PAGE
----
The online retailer Zazzle donates up to 27 percent of net sales from purchased items back to King County Parks.

The agency has also joined www.41pounds.org, a nonprofit organization formed to reduce waste and pollution by helping people to limit the amount of junk mail they receive, to raise dollars for parks and programs.

The organization has pledged to donate to King County Parks for every subscriber referred through the King County Parks page, www.kingcounty.gov/recreation/parks.aspx.

Cougar Mountain ranks among United States’ top trail-running locations

October 25, 2011

Cougar Mountain Regional Wildland Park is among the 25 best places for trail running in the United States.

Runner’s World magazine named the Issaquah Alps peak to the list in a recent issue.

“Every urban area should be blessed with a trail running sanctuary as sublime as Cougar Mountain Regional Wildland Park,” the magazine noted.

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Cougar Mountain ranks among nation’s top 25 trail running destinations

October 5, 2011

NEW — 2 p.m. Oct. 5, 2011

Cougar Mountain Regional Wildland Park is among the 25 best places for trail running in the United States.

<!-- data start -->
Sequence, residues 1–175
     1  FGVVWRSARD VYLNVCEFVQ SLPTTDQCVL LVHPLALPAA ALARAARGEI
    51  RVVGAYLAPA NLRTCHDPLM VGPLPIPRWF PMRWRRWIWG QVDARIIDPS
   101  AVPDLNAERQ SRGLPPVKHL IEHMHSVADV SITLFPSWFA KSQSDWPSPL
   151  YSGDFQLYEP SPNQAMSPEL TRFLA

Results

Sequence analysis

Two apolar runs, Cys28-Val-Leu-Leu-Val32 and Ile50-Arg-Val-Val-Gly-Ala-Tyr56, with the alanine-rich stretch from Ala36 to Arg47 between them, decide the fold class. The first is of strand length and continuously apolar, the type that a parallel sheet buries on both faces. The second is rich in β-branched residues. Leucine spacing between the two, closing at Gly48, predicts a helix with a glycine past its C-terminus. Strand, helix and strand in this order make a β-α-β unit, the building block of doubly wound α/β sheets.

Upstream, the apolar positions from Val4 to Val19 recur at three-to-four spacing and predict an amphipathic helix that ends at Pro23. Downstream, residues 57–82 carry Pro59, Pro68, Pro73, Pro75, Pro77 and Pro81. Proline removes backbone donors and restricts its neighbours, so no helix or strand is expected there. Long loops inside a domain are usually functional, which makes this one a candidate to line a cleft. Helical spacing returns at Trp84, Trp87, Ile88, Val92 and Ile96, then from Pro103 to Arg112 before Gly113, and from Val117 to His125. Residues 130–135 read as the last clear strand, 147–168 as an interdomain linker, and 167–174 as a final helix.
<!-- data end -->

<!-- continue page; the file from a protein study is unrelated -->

Runner’s World magazine named the Issaquah Alps peak to the list.

“Every urban area should be blessed with a trail running sanctuary as sublime as Cougar Mountain Regional Wildland Park,” the magazine notes.

The mountain boasts a 36-mile trail system. King County Parks and the Seattle Running Club produce a popular trail running series on the mountain each year.

Cougar Mountain is the only Washington destination on the list.

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King County Parks unveils ‘green’ campsite design in Issaquah

September 14, 2011

NEW — 7 p.m. Sept. 14, 2011

Campers in a King County park might notice a sustainable place to spend the night soon.

The parks agency challenged entrants to design a “green” camping space to create a comfortable and durable sleeping area from a cargo container.

County officials announced the top design in the “Little Footprint, Big Forest” contest at the Built Green Conference in Issaquah on Wednesday.

The top design — selected from a panel including County Executive Dow Constantine and other judges — came from a Seattle firm, HyBrid Architecture.

The design features a flexible floor plan, queen-sized bunk beds, and a multipurpose cabinet fashioned from recycled and reclaimed materials.